The Joys and Horrors of Couchsurfing
I love Couchsurfing. I want to say that upfront, since over the course of this post I doubt I’ll come across as its best spokesperson.
For those not in the know, Couchsurfing.org (and other, similar sites) provides a network of hundreds of thousands of people all over the world willing to offer up their futons, pull-outs, patios, tents, lofts, hammocks, yurts, fainting couches, and – if absolutely necessary – waterbeds to weary travelers for free.
Not only have I saved thousands of dollars thanks to Couchsurfing, but I’ve also made lifelong friends and shared experiences I would have missed otherwise. I’ve salsa danced with a Sudanese dental student in Nagoya, Japan, gone waterfall diving with a Peace Corps volunteer on the island of Dominica, and played X-Box with med school students in the Amazon.
But who cares about all that wonder and joy? You guys want to hear the horror stories. While the overwhelming majority of my Couchsurfing encounters have been fantastic, here are three thoroughly unpleasant ones, as well as advice you can glean from my mistakes.
1 – Jacob* – JAPAN
Jacob taught me a valuable lesson – not all Australians are cool. Some valiantly struggle to overcome the handicaps of their sexy accent and penchant for surfing to remind us that no matter your cultural background, you can still be a loser. I remember when, during a tour of his apartment, he proudly showed me his collection of every single “Now That’s What I Call Music!” compilation (and there are dozens). But a free bed is well worth having to listen to a guy explain why Pink is our generation’s Bob Dylan.
This story, however, isn’t about Jacob’s lameness. It’s about my last night at his place, when he asked me to look at something on his computer. I leaned in, and Jacob made his move. He brought his lips to mine and simultaneously threaded his hand down the back of my pants to squeeze my butt cheek. Frankly, I was surprised he had the cojones for such a coordinated attack. After a few seconds of him kissing my closed mouth and kneading my butt, I backed away and explained that I was, sadly, straight.
Jacob stared at me in silence for a moment before eloquently stating, “Oh. Well. Time for bed.” He hurried into his room, slammed the door, and I spent the night on my cot staring at the ceiling. Our breakfast the next morning rated slightly less awkward than when, as a sophomore in college, my dad decided it was now time to “teach me about women.”
TIP #1: Announce your intentions. While there’s really no excuse for someone to make sexual advances toward a guest who’s already at the disadvantage of being in a stranger’s home in a foreign land, it certainly helps to mention that you have a significant other, or that you’re gay or straight, or simply not interested. A select percentage of travelers use Couchsurfing as a hook-up service, so make it clear that’s not you (unless it is, in which case go nuts).
2 – Trevor and Sarah* – CHILE
Sometimes it takes a while for any eccentricities of your Couchsurfing hosts to manifest themselves. And sometimes you knock on the door and two naked people open it. Trevor and Sarah were nudists. I am not. Sure, I might like to lounge around after a hot shower, sun-drying myself on the couch like a beached whale, but who doesn’t? Judging by your blank expressions, I’ll move on.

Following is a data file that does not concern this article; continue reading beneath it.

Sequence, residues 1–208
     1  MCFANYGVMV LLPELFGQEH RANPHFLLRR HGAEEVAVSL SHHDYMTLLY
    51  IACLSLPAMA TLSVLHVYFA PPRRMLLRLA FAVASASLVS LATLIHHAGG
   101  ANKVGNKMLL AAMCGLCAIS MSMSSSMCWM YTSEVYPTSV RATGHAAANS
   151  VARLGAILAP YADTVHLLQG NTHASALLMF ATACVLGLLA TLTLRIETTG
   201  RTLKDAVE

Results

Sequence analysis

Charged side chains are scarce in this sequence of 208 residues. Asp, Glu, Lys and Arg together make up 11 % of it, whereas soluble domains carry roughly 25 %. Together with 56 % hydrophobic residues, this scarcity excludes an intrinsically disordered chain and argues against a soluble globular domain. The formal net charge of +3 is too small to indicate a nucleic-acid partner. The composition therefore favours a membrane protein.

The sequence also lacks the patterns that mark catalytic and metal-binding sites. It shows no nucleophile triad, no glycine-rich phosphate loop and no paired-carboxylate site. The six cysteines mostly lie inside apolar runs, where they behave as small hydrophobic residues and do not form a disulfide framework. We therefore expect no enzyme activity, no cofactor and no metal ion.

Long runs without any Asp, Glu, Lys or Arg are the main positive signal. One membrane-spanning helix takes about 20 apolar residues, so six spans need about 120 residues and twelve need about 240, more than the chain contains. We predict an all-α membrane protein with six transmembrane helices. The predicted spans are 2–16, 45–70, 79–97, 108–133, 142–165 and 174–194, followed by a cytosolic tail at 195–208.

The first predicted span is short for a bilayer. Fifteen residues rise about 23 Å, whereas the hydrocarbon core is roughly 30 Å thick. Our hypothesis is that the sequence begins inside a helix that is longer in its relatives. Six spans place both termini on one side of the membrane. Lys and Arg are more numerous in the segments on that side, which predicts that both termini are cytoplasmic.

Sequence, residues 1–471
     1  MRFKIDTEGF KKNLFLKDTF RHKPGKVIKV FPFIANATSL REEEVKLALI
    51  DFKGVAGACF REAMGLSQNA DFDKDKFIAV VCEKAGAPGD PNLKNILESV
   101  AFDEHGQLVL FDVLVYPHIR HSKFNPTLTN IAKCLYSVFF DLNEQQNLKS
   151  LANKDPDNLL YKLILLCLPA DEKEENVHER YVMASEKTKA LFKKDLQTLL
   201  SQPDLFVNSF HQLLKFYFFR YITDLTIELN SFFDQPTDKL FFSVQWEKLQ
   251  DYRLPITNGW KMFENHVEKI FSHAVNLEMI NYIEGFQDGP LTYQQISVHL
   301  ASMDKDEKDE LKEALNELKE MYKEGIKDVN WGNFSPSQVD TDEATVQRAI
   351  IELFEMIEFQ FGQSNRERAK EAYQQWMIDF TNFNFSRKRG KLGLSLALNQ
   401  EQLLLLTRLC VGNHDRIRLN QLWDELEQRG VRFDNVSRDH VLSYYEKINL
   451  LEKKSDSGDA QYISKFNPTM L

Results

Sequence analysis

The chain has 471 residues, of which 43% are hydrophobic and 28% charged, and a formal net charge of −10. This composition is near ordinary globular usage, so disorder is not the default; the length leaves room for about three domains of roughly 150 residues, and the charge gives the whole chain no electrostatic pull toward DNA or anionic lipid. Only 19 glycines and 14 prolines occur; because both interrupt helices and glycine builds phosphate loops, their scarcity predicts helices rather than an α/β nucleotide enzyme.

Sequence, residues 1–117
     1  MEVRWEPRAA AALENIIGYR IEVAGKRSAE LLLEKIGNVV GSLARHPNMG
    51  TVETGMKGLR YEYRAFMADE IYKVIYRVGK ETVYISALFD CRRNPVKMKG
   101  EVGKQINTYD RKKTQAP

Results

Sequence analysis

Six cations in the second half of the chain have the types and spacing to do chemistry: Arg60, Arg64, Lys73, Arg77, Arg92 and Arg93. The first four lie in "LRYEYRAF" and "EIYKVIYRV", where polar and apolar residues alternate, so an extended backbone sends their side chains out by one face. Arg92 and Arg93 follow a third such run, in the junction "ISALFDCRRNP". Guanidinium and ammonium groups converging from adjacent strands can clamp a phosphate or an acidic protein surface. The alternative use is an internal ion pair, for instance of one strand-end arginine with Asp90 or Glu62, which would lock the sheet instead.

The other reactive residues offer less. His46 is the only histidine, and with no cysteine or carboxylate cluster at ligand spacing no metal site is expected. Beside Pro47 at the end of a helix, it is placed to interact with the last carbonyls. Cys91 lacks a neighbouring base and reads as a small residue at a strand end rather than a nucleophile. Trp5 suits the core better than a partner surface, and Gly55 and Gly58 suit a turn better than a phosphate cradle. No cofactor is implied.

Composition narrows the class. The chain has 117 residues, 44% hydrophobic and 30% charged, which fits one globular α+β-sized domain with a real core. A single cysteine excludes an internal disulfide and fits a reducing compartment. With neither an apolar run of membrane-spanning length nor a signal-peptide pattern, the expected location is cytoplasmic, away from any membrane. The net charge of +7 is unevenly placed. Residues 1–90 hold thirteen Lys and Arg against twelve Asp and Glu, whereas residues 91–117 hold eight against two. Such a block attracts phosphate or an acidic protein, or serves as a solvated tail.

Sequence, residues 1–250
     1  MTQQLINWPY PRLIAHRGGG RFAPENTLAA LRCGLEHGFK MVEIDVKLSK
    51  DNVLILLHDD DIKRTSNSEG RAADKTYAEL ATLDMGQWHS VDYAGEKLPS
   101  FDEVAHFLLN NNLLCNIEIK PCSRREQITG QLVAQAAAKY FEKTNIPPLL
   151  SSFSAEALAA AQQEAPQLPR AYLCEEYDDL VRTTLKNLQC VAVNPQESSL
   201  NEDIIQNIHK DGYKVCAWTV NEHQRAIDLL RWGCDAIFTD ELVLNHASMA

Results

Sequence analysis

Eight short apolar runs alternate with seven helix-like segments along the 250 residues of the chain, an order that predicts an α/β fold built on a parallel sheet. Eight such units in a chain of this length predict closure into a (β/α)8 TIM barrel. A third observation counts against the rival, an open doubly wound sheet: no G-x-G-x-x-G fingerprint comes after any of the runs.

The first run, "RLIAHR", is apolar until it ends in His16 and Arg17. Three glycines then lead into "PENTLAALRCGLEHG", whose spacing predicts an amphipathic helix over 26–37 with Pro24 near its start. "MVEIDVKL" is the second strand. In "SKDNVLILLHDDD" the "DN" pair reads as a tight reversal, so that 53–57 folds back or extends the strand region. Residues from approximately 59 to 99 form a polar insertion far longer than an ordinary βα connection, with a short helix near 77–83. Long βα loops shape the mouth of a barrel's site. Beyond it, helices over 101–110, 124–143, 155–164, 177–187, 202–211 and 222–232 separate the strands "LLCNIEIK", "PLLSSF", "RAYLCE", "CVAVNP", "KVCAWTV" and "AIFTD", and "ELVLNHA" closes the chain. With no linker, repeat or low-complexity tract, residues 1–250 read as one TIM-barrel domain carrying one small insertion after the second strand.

Trevor and Sarah were consummate hosts, kind and welcoming, and they made it clear that I was under no obligation to disrobe. But in their home, they preferred to keep it au natural. Naked brunch. Naked badminton. Naked gardening (where there’s some sort of joke to be made about peas and carrots). Naked naked mole rat hunting. Needless to say, a lot of my conversation sprang from staring at my feet for long stretches of time – “Are these hardwood floors?”
TIP #2: Read the profile. Couchsurfing profiles are like Yelp pages – they’ve got descriptions, reviews, pictures, even a verification system. Read your potential host’s profile carefully, and you’ll be sure to notice any possible red flags – nudism, cannibalism, libertarianism, etc.
3 – Selene* – JAMAICA
I Couchsurfed with Selene in her apartment in Kingston, Jamaica, spending forty-eight hours in what a brochure described as a “quiet suburb” and I describe as a “nightmare ghetto.” Other travelers had warned me to steer clear of crime-ridden Kingston, and boy were they dead wrong. Sorry, I mean dead. Because central Kingston is scary. I saw a knife fight, had two competing bus drivers play a round of unfriendly tug of war with my body, and heard frequent gunshots.
Every night, Selene would triple lock her front door, test the strength of her barred windows, and then move all of her apartment’s most valuable possessions into the bedroom with its own row of locks. She’d even take the burners off the stove, since they’d be stolen in the past. She told me she used to feel safer when she’d had a friend who was a cop. “Was?” I foolishly asked.
TIP #3: While staying with natives could be immensely rewarding, it’s also a very different experience than staying with the transplants, ex-pats, English teachers, Peace Corps volunteers, and study abroad students who make up much of Couchsurfing’s database. Simply put, stuff can get real. Poverty, crime, strange fruit – the works. Decide in advance whether you’re looking for some of the comforts of home, or a dive (in my case, a belly-flop) into a foreign culture.
Nick von Keller is a writer living in Los Angeles. His work has been featured on Comedy Central, Fark, Funny or Die, Cracked, Mondo Media, Current TV, and Channel 101, among others. A Watson Fellowship recipient, he has also won the LA Comedy Shorts Film Festival Screenwriting Competition, placed as a Finalist in the LA Comedy Fest Screenwriting Competition, and had the highest rated comedy pilot on The Black List as of December 2013. He is not to be trusted.
(*All names changed for privacy purposes.)